Mr. Lindauer is described in the article as "a German-Russo-Romanian-Jewish-American" who is divorced from someone the article describes as "black."
He wonders how, in future years, his daughter will check herself off on the Census form and has joined those demanding the addition of a "multiracial" box.
Since I strongly believe that we are all members of one human race and that the "racial" categories listed on the Census forms are largely inventions, my solution to the dilemma faced by the Lindauers and people like them is for the government to simply remove entirely all such racial nonsense from its forms.
Kenneth A. Stevens
Owning a gun is a responsibility
I am writing in response to a July 8 letter from Dara F. Ryan of Baltimore, "Guns kill."
While I can admire and certainly encourage the compassion shown for both the victims and the perpetrators of violence committed with guns, I must argue the conclusion which blames the gun for the action taken by an individual.
The cases cited in support of this belief offered only sketchy detail and paragraph summaries of the circumstances surrounding each event. The events were all too familiar and ordinary in our world today.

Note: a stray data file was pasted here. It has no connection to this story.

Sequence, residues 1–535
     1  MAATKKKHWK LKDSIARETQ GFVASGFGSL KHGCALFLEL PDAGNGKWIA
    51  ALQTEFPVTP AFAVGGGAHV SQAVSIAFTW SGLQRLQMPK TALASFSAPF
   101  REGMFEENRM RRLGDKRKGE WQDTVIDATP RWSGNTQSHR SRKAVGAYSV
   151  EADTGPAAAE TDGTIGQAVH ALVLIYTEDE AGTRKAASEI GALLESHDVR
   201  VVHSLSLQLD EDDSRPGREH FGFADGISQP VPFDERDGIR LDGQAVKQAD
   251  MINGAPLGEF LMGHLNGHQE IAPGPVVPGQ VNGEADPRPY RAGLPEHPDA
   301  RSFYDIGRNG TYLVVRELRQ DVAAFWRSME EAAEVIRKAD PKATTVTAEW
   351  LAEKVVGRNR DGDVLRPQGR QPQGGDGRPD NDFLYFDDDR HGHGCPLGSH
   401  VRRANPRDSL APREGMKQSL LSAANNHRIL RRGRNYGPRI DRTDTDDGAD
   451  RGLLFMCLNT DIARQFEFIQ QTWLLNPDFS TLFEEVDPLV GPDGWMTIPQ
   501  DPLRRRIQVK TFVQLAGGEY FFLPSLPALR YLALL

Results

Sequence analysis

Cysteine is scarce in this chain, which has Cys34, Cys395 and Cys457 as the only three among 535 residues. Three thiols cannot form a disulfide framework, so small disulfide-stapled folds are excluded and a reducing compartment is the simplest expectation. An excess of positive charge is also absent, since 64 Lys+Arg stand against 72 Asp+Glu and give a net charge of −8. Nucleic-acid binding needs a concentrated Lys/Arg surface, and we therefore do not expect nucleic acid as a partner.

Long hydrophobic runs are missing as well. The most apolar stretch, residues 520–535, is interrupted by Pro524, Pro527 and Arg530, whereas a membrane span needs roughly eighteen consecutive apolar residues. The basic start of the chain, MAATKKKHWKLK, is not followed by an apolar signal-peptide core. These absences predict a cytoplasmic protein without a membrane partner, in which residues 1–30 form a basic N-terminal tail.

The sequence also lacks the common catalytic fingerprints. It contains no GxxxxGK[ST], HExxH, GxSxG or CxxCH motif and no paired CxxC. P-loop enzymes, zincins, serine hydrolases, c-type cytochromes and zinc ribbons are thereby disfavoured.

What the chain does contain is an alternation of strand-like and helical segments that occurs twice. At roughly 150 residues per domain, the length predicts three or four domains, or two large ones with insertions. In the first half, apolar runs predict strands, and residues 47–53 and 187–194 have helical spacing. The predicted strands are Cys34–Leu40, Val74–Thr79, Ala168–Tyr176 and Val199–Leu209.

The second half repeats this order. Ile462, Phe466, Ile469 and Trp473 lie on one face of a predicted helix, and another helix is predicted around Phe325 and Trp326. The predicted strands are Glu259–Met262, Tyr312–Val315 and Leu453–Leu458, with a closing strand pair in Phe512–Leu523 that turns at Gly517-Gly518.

Let us look at the root of the tragic events that claim young children's lives and cause others to be maimed each year in our country. The root is the owner of the firearm, not the firearm, as so many would make you believe today. Because of careless negligence on behalf of the owner, terrible tragedies can happen.
It is the owner who decides whether or not to store the gun in a safe place and where to keep the ammunition.
It is the owner who must teach any children in the household responsibility and integrity when the children reach an age at which "safe" keeping is no longer the only means to protect them from themselves. It is the basics of firearm handling that must be taught.
I remember as a small child being told to not point toy guns at anyone or anything.
If the gun isn't pointed at a six-year-old, it won't kill the six-year-old, and if it isn't pointed at the closet, the bullet won't go through the wall and injure someone. Basic lessons, inherent to any responsibility must be taught by the owner in the system we now have.
Owning a gun is a right which we have been afforded, but it is also a major responsibility. It is time that ownership of a gun be given the same attention that owning other property, such as homes and cars, has been given.
As a society, we do not seem to personify the actions of any other tool used to harm another human being. How many murders are committed by household weapons, such as knives and baseball bats?
Someone has to use the weapon and wish harm on someone in order for it to cause pain to another human being.
R. Gore Bolton